Hotly-Contested Lieutenant Governor Race Tops Democratic Primary Ballot Tuesday

Regional Differences Cited, 2 Also Bidding For Attorney General

CORRECTION: For attorney general, the Washington Post endorsed Justin Fairfax, not Mark Herring as erroneous reported here.

Aneesh Chopra and State Sen. Ralph Northam have pulled out the stops in the final days of their campaign for the Democratic nomination for lieutenant governor, and in case people aren’t aware, that position in the Virginia state government has, in this particular election year, become very important.

The two candidates will be on the ballot next Tuesday, June 11, for anyone who chooses to vote in the Democratic primary. They will be joined by two candidates vying for the Dem nomination to run for attorney general, as well, a choice between Loudoun State Sen. Mark Herring and prosecutor Justin Fairfax.

But while Herring is far outspending Fairfax in the A.G. Race, Chopra and Northam have gone toe-to-toe, with likely voters in Falls Church being inundated with almost daily glossy mailings and robo-calls, most recently touting the big party names backing them.

It’s pretty much a dead heat when it comes to that, as anyone who’s fortunate enough to get those mailings and taped-message phone calls can see or hear.

Chopra, the secretary of technology for Gov. Tim Kaine and also for President Obama, has the backing of U.S. Reps. Jim Moran and Gerry Connolly and a long list of local Democratic politicians, including State Del. Jim Scott, Fairfax Supervisor Penny Gross and former Fairfax County Board chair Kate Hanley.

Northam, the only practicing medical doctor in the State Senate, has the firm support of State Sen. Dick Saslaw and former State Sen. Mary Margaret Whipple behind him.

Northam also has the endorsement of the Washington Post. But that is hardly a plus in the eyes of a lot of area Democratic activists who recall that in 2009 in a contentious three-way race for the Democratic nomination for governor, the Post’s endorsement then of State Sen. Creigh Deeds was given a lot of credit for Deeds’ primary victory. But then Deeds, from Bath County, proved himself to be out of touch with Northern Virginia Democrats and could not reignite the enthusiasm of 2008 that carried Obama to the first victory for a Democrat in a presidential election in Virginia in 44 years.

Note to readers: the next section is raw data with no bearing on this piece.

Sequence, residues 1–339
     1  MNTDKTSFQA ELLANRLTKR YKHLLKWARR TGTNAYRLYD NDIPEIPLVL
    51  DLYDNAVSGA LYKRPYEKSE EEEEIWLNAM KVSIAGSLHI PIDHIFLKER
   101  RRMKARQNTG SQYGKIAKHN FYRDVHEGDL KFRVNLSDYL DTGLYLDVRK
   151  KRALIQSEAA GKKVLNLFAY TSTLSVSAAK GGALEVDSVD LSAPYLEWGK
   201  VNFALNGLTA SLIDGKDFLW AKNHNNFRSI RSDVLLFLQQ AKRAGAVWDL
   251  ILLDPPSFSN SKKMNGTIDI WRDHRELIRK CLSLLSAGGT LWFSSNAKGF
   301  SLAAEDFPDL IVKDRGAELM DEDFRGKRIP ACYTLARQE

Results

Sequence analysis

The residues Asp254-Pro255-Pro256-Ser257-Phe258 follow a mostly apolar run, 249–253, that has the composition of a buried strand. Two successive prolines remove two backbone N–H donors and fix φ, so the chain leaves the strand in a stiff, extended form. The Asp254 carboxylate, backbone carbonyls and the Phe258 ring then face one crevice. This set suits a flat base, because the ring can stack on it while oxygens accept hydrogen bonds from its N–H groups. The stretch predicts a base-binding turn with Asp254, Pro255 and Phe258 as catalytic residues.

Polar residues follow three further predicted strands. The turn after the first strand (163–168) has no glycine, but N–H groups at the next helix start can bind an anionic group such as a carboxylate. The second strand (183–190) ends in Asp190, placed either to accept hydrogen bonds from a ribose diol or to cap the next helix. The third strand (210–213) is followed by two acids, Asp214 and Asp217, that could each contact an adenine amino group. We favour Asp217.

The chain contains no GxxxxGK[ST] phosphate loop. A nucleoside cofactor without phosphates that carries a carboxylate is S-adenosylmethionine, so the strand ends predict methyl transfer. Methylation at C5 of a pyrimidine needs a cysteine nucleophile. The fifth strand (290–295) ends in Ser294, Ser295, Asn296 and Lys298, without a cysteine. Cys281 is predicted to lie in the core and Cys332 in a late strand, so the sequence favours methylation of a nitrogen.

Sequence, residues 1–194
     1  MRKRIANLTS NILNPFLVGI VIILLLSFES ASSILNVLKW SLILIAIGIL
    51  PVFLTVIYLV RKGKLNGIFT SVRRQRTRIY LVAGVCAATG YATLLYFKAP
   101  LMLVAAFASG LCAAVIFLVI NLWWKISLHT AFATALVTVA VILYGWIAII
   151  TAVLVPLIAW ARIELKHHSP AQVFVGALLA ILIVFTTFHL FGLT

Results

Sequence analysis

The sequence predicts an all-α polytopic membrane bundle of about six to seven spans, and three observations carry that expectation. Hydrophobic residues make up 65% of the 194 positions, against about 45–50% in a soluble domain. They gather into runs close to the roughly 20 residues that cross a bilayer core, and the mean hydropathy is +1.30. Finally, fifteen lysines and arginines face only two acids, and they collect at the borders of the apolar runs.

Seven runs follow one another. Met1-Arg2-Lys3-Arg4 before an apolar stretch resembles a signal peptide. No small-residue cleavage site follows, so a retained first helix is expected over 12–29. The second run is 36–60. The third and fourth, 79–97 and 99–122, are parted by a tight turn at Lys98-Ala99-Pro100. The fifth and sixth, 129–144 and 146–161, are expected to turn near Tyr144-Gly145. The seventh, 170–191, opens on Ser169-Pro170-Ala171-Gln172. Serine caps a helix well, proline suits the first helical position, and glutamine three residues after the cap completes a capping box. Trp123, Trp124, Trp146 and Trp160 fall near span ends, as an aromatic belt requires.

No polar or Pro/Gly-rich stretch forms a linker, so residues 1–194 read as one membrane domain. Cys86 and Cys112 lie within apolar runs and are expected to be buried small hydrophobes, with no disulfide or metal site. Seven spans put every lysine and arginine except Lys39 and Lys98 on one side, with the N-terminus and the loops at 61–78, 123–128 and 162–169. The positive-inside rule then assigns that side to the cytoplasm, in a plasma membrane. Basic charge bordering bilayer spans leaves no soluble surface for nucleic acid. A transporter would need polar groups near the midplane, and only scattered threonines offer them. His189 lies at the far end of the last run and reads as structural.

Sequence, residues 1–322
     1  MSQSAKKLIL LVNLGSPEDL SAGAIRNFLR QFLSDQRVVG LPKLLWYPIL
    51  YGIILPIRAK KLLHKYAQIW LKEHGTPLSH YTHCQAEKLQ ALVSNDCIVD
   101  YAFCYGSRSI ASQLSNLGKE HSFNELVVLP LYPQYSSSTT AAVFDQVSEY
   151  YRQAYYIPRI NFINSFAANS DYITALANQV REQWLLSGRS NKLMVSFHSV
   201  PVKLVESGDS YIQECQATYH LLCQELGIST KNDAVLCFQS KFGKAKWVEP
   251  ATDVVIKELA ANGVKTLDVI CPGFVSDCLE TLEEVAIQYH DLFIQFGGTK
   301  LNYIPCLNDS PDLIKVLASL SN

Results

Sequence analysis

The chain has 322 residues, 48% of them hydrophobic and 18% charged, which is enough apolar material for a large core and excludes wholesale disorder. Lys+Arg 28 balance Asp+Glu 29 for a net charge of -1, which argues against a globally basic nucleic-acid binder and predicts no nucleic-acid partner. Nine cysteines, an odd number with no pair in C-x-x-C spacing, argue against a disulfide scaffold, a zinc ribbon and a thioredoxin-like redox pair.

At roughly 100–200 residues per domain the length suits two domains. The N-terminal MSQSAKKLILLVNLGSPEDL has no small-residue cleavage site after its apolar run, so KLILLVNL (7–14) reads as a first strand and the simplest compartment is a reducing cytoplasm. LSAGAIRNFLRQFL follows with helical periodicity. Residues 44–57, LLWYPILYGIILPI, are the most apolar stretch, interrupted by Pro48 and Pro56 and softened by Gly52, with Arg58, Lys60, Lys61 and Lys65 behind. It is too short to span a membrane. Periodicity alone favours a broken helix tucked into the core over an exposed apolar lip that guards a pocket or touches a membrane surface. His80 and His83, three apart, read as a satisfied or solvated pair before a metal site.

Citing the importance of getting out the Northern Virginia vote, in particular, the Falls Church News-Press endorsed Chopra, and both the Post and News-Press endorsed Herring.

Indeed, Chopra, the eldest son of Indian immigrants, has the kind of background and expertise that connects with the so-called “creative class” of high-tech industries that dominate Northern Virginia. He was appointed by Gov. Kaine the first secretary of technology when that position was created in 2006, and then was chosen by Obama as the nation’s first chief technology officer. He quit that post in order to run for lieutenant governor here.

While Chopra and Northam were friendly when they faced off briefly at a meeting of the Northern Virginia Democratic Business Council at the Tower Club on May 3, a debate hosted by the Fairfax County Democratic Committee in Springfield last weekend was less cordial and more contentious.

According to a report in the Virginian-Pilot, Northam was challenged by a questioner who cited on-line evidence that Northam had considered switching his party affiliation in a State Senate battle over the budget in 2009 when the Democrats held a one-vote majority. Chopra followed that up citing a 2009 Virginian-Pilot report of that episode.

The plan failed, and Northam later told the Pilot the experience “was like a bad dream.”

In mailings, Chopra also unloaded on Northam for being soft on three gun control measures, a charge that Northam sharply denied. Northam, an Army veteran who admits he likes to hunt, said his rating with the National Rifle Association is a “D,” and he supports background checks and a ban on assault weapons.

Supporters cite Northam’s leadership in pushing back against Republican excesses, including against the GOP push for requiring ultrasound procedures in cases of abortions.

The importance of the lieutenant governor race this year is highlighted by two factors: 1. the State Senate is now evenly divided between 20 Republicans and 20 Democrats, and it is the role of the lieutenant governor to cast the tie-breaking vote if needed, and, 2. the GOP nominee for lieutenant governor, E. W. Jackson, is one of the most arch-conservative candidates that the GOP has nominated in a long time.

Therefore, most of the focus of Tuesday’s election is on which candidate can best help insure a victory in November, both for the lieutenant governor job, but also for governor and attorney general.

Those leery of Chopra’s chances because of the ethnicity of his name need to be reminded by President Obama was elected twice in Virginia, while Chopra’s ability to ignite Democrats in this region, where statewide races have been decided increasingly in the last decade, is considered stronger than his opponents’.